Therefore, the material scope of the legislation is not defined by the term AI. Upon closer examination, the term is an ‘empty shell’, which the Commission may presumably have used for communications purposes. But the broad definition of AI itself must be read within the regulatory concept of the regulation. The AIA follows a risk-based approach, differentiating between three categories: forbidden, low risk and high-risk AI systems. The definition of AI itself has no filter-function for the application of the regulation. This is not a disadvantage per se, because legal methodology is largely based on conceptualisation.Footnote 50 It is hence not the corresponding technical properties that matter, but only their impact on protected legal interests. Legally, therefore, only a context-based definition of AI is at all profitable. The goal of the AIA is to define this context-based approach via the different risk categories and these applicable risk categories are largely determined by the intended use.Footnote 51

The classification of an AI system as high-risk is based on the intended purpose of the AI system, in line with existing product safety legislation. That is, the classification as high-risk does not only depend on the function performed by the AI system, but also on the specific purpose and modalities for which that system is used, Art. 6 AIA.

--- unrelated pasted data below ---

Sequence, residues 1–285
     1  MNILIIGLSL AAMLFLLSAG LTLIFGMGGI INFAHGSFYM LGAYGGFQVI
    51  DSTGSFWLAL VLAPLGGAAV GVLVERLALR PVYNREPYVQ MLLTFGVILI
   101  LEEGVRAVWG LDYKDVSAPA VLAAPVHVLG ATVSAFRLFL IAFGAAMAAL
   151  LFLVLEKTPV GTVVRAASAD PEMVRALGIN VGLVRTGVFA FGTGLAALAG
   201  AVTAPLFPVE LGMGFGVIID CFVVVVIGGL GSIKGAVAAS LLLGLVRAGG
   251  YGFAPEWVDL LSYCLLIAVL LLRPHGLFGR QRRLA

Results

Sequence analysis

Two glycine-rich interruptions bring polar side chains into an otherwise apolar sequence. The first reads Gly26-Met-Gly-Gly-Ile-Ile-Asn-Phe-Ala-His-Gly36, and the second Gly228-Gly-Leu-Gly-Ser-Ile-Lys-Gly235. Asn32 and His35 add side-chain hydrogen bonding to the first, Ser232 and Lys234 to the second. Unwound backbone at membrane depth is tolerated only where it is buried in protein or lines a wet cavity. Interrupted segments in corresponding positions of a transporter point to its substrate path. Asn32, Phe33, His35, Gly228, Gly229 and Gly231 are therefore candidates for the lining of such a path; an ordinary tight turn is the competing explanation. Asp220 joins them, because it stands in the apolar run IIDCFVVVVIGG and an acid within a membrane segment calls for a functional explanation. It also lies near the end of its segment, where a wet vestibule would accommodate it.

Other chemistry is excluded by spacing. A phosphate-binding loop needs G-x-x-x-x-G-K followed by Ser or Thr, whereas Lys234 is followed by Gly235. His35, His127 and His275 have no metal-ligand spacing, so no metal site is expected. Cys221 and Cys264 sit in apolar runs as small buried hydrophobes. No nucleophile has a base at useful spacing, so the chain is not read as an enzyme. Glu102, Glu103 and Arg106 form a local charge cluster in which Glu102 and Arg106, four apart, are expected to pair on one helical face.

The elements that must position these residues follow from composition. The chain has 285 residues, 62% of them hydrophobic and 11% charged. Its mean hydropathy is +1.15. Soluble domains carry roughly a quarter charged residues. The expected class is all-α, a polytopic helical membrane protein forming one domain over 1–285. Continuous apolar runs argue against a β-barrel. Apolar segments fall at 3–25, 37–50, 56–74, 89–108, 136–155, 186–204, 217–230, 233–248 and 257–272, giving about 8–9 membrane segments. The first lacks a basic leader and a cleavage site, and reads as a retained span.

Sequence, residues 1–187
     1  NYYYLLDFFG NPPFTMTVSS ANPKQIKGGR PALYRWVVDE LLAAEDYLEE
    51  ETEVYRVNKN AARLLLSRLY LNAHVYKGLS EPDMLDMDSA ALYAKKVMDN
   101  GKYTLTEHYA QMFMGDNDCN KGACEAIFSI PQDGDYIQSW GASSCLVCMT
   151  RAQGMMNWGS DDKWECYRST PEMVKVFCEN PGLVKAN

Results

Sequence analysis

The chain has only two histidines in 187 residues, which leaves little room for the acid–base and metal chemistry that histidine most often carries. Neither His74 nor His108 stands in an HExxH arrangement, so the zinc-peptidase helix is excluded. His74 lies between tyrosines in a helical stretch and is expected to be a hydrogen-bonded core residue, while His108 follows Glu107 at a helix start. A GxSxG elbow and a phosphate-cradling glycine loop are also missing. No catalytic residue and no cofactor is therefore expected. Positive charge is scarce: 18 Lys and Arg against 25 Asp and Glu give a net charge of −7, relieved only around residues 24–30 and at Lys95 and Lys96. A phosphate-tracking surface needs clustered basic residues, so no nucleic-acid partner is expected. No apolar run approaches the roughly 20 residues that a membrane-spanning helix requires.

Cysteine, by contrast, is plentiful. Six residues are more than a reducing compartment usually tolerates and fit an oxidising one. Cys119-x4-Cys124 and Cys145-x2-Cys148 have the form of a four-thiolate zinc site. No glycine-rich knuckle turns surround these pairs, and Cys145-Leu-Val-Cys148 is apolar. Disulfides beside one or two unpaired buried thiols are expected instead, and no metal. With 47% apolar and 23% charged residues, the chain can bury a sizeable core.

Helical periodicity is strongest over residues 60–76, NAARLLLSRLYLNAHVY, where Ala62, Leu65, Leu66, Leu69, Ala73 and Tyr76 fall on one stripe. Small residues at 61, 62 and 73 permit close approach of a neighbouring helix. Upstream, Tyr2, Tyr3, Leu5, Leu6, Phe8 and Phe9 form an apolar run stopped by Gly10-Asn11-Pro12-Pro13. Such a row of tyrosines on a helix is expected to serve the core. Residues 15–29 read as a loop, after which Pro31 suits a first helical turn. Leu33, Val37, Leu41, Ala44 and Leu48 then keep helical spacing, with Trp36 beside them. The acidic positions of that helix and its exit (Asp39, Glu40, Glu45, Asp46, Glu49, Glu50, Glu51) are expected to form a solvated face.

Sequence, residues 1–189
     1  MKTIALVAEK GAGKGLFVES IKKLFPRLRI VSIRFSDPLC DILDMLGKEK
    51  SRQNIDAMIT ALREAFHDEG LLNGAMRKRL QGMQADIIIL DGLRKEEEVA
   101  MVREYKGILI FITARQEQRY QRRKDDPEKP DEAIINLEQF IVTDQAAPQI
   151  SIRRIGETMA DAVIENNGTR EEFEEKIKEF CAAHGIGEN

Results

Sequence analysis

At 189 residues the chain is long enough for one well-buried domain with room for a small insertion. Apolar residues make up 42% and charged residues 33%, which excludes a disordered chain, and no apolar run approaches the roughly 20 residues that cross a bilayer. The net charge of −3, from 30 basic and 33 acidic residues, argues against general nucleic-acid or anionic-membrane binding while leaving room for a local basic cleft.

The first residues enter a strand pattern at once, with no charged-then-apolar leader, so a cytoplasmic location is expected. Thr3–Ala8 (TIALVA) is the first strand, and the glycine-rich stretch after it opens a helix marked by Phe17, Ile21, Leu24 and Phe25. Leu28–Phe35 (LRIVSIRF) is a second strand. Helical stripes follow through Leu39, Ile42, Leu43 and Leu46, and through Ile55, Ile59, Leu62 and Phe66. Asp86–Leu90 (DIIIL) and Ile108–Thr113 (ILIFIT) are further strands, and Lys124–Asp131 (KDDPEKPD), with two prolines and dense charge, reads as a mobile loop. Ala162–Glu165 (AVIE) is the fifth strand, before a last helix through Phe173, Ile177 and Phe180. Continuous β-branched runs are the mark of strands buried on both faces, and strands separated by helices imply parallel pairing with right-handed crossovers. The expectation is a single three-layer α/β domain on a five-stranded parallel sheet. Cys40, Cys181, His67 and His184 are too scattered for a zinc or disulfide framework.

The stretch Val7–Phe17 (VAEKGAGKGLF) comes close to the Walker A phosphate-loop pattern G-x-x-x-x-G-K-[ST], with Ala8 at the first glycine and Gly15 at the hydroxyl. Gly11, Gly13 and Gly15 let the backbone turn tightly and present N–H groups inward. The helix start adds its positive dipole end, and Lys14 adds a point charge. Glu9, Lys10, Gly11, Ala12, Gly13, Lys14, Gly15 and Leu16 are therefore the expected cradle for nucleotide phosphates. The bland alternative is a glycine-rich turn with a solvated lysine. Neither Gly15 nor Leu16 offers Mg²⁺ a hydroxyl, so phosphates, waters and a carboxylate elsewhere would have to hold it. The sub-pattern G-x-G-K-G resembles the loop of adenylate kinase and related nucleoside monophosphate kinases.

The underlying category of the intended use of an AI-systems creates legal uncertainty since it is a subjective category relating to the provider or user of the AI system. The principle of purpose limitation as a fundamental principle of the GDPR,Footnote 52 faces a similar challenge when it comes to the processing of Big Data via predictive analytics.Footnote 53 The challenge of regulating systems with unpredictable outcome by demanding purpose limitation for predictive analysis is not addressed by the AIA. In addition, nearly every aspect of social media use, including the moderation of content or analysis of user’s behaviour remain outside the scope of the AIA.Footnote 54 The influence of product liability law on the systematic design can be seen very clearly in these points. The AIA appears more as a liability regime instead of formulating a protective function for affected persons and their fundamental rights. The AIA barely protects against low- and medium-risk AI.Footnote 55